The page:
For three months, she was homeless. She says, if it were not for her son, she would have killed herself, but then, recently, a beacon of hope. A local women's shelter unites her with other victims and a psychologist, which she says has helped with the shame.

    But she still worries that Ainslie's father and his friends will come looking for her again.

    Can you go to the police? Or is there anything that you can do to make — to feel safer?

  • Sousphanie (through translator):

    I didn't go to the police because the policemen cannot protect themselves, so they cannot protect me.

  • Garry Pierre-Pierre, Founder, The Haitian Times:

    This is where we are right now. The police are no match for the gangs.

  • Marcia Biggs:

    Garry Pierre-Pierre is the founder of The Haitian Times, an English-language publication that covers the island nation.

  • Garry Pierre-Pierre:

    About 30 percent to 40 percent of the police force are either sympathizers or downright members of these gangs. The police missions have become suicide missions because the gangs are waiting and laying and waiting for them.

  • Marcia Biggs:

    The U.N. has called for the deployment of an international force, but the problem runs much deeper, Pierre-Pierre says.

  • Garry Pierre-Pierre:

    What happens next? How do you integrate the gang members into civil society and get them to jobs and really dismantle the gangs? Because, at the end of the day, it's a socioeconomic problem that we have that's creating this.

  • Marcia Biggs:

    In the meantime, residents living in areas of intense fighting are all but abandoned. It's just too risky to go in and out, including for us.

    But we were able to make the trip with Jose Ulysse, who manages a hospital in one of those neighborhoods.

    So, we are on our way to the Fontaine Hospital, which is the last remaining, last standing hospital in Cite Soleil, one of the most violent areas in all of Port-au-Prince. We are here with a fully armored vehicle because we have to cross several front lines to get there.

    We held our breath on this last part of the journey as, just down that road, lies what's called the Death Crossroads. But once we reached the hospital, an oasis of sorts from the fear. Mothers bring their babies for vaccinations and hospital staff does everything from teaching vocational skills to treating gunshot wounds.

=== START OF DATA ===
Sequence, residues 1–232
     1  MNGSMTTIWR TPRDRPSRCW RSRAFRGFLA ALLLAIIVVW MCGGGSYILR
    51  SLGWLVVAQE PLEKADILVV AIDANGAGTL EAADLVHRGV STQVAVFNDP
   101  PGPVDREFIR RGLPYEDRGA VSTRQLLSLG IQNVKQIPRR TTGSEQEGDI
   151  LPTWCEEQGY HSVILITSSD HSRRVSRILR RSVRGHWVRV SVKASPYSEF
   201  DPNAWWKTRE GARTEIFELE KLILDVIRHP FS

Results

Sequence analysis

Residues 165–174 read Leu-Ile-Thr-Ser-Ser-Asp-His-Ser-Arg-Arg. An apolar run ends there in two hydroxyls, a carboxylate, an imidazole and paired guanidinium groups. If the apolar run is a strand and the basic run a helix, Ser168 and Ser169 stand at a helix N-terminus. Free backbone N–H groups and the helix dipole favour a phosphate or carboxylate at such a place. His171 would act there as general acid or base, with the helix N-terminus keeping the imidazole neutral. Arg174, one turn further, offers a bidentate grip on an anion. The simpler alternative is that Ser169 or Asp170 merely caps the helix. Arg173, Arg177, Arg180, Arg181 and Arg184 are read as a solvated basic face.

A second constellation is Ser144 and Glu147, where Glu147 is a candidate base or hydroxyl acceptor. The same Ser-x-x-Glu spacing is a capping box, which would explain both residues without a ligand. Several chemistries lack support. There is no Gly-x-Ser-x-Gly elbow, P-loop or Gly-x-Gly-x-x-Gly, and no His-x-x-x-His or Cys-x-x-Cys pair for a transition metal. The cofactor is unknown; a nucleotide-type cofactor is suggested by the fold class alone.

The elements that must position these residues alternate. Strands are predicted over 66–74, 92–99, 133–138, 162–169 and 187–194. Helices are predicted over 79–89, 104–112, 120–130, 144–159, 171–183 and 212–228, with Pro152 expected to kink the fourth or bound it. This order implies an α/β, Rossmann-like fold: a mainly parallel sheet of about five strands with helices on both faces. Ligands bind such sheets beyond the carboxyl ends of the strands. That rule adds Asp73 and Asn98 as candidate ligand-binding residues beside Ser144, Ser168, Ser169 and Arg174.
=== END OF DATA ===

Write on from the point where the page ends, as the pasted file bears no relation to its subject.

Ulysse says he has been able to stay open because the majority of the staff are from the community and because they keep no records or alert police when they treat injuries of gang violence.

  • Jose Ulysse (Director, Fontaine Hospital):

    We don't need to know where you come from, why you are here, no. We don't have questions. No questions asked. You have a bullet in your leg, we remove it. We give you medicine and go away.

  • Marcia Biggs:

    Today, there are no gunshot victims, but, rather, the daily medical procedures vital in any community. This woman is having a C-section. Anxious relatives wait in the hallway for their loved ones.

    Where would you go if this hospital didn't exist?

  • Marie-Marthe Francois, Cite Soleil Resident (through translator):

    We would perish. We would die because it's the only hospital that is left. Cite Soleil is now an area that is abandoned. You walk in the street, you are afraid. You get to your home, you are afraid. Everywhere, we are afraid. We don't live in peace.

  • Marcia Biggs:

    But the hospital is a safe haven for even the tiniest patients. Haiti has the highest infant mortality rate of any country in the Western Hemisphere.

    Babies are often born at home or in the street because a trip to the hospital just is not safe, like this baby. She was born last night, delivered at home with an infected umbilical cord, which, untreated, could lead to sepsis and then death. Her mother, 17-year-old Rose-Bianca, got her to the hospital, even though she says she is scared even to walk in the streets.

  • Rose-Bianca Bathelmy, Cite Soleil Resident (through translator):

    I am really afraid because of how things are right now, bullets flying in the air from everywhere, and you can't know exactly where it came from. I have to take the street with lots of caution nowadays.

  • Marcia Biggs:

    Are you scared for the baby?

  • Rose-Bianca Barthelmy (through translator):

    Yes, I am scared for her a lot.

  • Marcia Biggs:

    At our final stop in the hospital, we walked into a room full of little ones. Sick and malnourished when they arrived, most were abandoned when their parents were killed or could no longer care for them.

    Now thriving, we asked how long they could stay. "They can stay forever," we are told. "They are home."

    As we were about to leave, we noticed Rose-Bianca cradling her baby girl less than 24 hours old. She had been discharged and was negotiating for a ride home on a motorbike. Carefully, she and her sister climb on the back and ride off with her newborn baby into an unknown future.

    For the "PBS NewsHour," I am Marcia Biggs in Port-au-Prince, Haiti.